Transitional phrases separate the novice from the expert.

This is what they do.

Transitional phrases go a step beyond the simple transitions you use in the body of a paragraph. Whereas transitions are often as short as one word, transitional phrases are what they are named--phrases. Rather than show the connection between supporting sentences, transitional phrases guide the reader from paragraph to paragraph. They let them know they are at the corner of Topic A street and about to turn right on Topic B street.

This is how you create them.

Suppose your first body paragraph was about the story's themes, and your second body paragraph was the double meaning of the story's title. In the topic sentence of your second body paragraph about the double meaning, you need to add a transitional phrase, a phrase that mentions the topic of the first paragraph, themes, and consequently serves as a transition. For example, suppose your current topic sentence for body paragraph two is, "The story had a double meaning in its title." Add the transitional phrase "In addition to its themes," and you will have a topic sentence that mentions the topic of the previous paragraph before giving the topic of the current paragraph: "In addition to its themes, the story had a double meaning in its title."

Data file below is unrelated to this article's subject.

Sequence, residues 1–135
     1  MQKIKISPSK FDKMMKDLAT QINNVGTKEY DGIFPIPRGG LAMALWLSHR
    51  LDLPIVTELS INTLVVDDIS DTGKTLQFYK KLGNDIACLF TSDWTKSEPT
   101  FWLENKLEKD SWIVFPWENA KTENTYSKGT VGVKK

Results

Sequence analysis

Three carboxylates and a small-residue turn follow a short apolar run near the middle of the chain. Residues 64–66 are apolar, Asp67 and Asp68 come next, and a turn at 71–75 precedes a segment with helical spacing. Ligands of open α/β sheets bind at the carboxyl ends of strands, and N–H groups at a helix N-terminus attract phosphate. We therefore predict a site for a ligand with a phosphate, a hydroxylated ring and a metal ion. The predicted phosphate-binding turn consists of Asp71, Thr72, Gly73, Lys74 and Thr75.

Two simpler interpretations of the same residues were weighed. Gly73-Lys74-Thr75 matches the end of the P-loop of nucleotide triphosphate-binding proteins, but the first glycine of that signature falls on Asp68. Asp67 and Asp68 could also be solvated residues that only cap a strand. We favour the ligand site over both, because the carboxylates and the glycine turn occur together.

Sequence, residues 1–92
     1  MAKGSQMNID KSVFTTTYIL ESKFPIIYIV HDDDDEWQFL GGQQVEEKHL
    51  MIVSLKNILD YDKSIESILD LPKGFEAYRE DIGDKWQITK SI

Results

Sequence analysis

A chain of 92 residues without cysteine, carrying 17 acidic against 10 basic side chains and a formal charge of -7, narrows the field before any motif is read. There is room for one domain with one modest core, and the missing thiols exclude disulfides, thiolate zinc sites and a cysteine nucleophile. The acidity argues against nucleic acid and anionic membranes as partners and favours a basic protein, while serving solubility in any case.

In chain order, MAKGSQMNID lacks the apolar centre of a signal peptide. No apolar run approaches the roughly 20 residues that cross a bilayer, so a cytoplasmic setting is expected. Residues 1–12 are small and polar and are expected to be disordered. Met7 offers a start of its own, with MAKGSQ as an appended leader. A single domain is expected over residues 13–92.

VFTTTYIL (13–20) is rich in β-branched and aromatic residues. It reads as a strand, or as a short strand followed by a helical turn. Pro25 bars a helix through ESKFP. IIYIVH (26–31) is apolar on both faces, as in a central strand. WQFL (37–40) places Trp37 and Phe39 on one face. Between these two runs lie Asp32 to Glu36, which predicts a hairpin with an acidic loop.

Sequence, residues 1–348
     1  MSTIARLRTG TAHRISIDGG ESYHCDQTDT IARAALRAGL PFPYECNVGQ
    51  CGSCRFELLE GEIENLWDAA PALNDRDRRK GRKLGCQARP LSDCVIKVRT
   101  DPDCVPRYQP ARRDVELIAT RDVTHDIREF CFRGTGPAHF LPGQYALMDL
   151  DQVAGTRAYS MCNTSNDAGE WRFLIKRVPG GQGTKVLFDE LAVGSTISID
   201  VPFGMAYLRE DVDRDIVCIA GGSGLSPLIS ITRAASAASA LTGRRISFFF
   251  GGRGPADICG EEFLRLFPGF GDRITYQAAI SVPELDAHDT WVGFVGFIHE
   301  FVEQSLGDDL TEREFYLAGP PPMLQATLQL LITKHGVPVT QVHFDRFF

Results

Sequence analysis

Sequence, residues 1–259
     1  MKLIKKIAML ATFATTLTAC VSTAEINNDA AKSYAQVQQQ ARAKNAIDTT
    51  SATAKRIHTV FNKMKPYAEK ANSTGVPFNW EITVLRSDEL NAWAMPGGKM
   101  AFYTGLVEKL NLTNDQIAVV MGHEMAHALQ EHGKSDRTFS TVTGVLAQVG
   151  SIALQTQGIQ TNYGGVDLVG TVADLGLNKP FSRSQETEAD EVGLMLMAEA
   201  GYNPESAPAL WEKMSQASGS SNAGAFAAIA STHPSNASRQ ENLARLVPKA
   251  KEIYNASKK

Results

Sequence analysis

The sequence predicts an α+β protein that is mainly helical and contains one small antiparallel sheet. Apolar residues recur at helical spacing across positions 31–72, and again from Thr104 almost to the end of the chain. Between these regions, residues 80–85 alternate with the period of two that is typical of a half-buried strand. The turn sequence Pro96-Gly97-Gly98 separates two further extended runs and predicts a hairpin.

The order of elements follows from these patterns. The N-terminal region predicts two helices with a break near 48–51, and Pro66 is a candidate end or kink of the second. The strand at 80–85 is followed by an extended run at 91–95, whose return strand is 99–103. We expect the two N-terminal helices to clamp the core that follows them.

The first body paragraph, being so close to the thesis, doesn't need a transitional phrase. However, the remaining body paragraphs need their transitional phrases.

Often, it's easy to take a transition from the transitions list and add the paragraph's topic to it to create the transitional phrase like I did. However, it's possible to write a transitional phrase without using one: Themes are not the only important trait the story had; the double meaning in its title also made the reader think.

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